Written by Chidinma Nwawueze, BA candidate at Washington University in St. Louis, and participant in the Institute for Public Health Summer Research Program
Throughout this summer program, our Aging & Neurological Diseases cohort has heard from a number of guest speakers on a variety of topics related to aging – from disorders that become more prevalent as you age, such as stroke and dementias, to the various ways that research is conducted in the aging field. One of the greatest takeaways I have gained is insight into what it means to age successfully, and how different that looks for every person.
I have had the opportunity to work with Lenise Cummings-Vaughn, MD, the medical director of the Stay Healthy Clinic, and assist in her project regarding identifying the connections between social determinants of health, comorbidities, and hospital readmission risk. In my time at the clinic, I have observed Cummings-Vaughn in a patient assessment. During this time, I not only had the chance to see how she interacted with the patient and their family, but also the way she discussed successful aging with them. In her conversations, instead of focusing on specific concerns and how they would affect the health of the patient, she adjusted the discussion to center on the patient’s overall well-being and goals for their care. Although the patient was in the early stages of dementia, they expressed a desire to remain at home with their family members.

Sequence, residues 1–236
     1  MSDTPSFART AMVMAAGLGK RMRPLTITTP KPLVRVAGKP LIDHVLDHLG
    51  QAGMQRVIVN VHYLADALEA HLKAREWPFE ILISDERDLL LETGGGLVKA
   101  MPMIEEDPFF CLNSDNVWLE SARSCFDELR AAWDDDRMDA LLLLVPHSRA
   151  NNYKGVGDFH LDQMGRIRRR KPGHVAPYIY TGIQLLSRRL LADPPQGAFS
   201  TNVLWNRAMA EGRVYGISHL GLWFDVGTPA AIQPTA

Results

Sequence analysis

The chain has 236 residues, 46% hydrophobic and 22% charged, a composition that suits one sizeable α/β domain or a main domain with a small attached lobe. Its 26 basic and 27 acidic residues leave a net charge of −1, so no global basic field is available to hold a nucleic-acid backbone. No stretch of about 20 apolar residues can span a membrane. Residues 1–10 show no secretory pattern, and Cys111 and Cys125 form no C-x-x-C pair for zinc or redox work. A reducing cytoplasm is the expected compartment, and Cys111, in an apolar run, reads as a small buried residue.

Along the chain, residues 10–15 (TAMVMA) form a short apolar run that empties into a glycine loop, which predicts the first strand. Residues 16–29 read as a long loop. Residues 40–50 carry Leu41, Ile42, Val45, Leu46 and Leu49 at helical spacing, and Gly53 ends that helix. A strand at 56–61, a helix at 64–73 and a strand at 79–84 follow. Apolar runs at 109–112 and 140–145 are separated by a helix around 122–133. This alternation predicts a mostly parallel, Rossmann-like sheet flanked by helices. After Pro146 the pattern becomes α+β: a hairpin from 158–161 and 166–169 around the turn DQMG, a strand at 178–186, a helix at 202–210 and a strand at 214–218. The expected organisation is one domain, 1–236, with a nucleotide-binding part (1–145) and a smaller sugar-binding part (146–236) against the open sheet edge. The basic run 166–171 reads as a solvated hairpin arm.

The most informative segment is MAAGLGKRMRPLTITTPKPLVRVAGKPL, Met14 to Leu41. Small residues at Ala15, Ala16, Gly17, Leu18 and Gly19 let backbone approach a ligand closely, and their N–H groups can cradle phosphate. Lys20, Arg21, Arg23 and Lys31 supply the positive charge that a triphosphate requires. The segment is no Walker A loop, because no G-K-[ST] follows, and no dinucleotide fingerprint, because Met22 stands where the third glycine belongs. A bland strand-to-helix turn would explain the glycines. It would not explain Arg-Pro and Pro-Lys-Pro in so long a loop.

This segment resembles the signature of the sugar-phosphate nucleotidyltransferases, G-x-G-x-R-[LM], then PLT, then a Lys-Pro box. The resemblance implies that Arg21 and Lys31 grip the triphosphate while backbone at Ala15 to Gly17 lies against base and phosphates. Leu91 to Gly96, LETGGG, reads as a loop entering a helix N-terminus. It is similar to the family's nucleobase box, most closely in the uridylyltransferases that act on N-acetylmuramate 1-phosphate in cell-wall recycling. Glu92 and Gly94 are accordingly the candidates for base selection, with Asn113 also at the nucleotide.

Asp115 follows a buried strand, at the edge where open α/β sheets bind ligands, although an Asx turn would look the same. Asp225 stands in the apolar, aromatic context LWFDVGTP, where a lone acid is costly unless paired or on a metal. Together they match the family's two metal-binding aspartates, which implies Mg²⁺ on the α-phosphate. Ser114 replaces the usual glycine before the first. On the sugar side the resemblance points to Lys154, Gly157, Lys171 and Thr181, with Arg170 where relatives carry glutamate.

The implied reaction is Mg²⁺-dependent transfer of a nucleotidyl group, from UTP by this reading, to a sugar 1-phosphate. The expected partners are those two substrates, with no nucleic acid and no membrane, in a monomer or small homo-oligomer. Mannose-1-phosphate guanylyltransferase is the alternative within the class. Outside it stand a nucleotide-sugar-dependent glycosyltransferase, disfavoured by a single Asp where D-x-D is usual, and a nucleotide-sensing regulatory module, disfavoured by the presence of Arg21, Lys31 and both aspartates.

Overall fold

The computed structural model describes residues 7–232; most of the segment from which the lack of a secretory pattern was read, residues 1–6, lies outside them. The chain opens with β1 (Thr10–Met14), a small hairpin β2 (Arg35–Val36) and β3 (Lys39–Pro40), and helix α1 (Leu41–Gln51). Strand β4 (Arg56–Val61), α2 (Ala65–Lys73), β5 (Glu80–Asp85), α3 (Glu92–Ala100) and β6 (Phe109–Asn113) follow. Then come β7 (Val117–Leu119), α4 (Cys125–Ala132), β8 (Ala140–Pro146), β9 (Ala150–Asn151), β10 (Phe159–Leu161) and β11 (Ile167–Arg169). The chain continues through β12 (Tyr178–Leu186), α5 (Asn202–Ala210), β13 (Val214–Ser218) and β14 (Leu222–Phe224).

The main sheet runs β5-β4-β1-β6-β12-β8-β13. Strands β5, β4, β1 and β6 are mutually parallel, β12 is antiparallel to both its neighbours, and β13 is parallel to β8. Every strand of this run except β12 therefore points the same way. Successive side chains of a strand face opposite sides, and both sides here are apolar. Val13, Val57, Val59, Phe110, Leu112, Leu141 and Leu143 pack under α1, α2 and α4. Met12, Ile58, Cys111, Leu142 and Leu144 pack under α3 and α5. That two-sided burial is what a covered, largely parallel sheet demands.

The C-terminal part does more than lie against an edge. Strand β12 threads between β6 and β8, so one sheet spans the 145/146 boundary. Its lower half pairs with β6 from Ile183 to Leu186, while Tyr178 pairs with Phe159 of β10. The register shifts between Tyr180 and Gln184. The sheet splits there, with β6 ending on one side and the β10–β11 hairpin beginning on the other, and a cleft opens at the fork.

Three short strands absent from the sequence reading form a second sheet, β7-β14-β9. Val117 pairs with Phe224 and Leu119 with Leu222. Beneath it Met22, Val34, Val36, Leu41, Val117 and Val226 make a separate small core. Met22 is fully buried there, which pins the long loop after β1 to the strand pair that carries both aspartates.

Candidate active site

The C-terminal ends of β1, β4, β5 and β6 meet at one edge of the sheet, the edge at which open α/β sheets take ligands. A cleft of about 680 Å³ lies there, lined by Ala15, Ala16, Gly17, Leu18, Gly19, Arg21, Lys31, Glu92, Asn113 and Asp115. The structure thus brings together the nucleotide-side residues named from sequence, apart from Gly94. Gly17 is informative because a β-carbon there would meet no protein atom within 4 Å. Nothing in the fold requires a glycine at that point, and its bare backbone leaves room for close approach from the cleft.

Using this information, a healthcare plan was developed between both physician and patient to help them achieve this goal, with small, attainable steps in between that were mutually agreed upon, and that the patient’s family was aware of. Being able to watch this interaction provided me with a valuable experience that I will take with me into my future endeavors.
As someone who aspires to be a physician, I would want my care to be patient-focused, and to emphasize the importance of personal goals and values. In particular, aging is already casted in a negative light in regard to both physical and cognitive decline, and the potential loss of independence – especially when coupled with neurodegenerative diseases such as dementia and stroke. Too often, aging is thought of as a process to be stalled as long as possible, or even reversed completely. However, this observation, along with the other talks I have had the opportunity to participate in, have highlighted for me that successful aging is attainable, regardless of circumstance. What successful aging actually means is different for every person – for some, the goal may be more physical, like having the ability to go on a walk in the mornings, while others may desire to live with family instead of residing in a care facility. No matter the goal, with the right support and team of advocates, we can all aspire to achieve our own version of successful aging.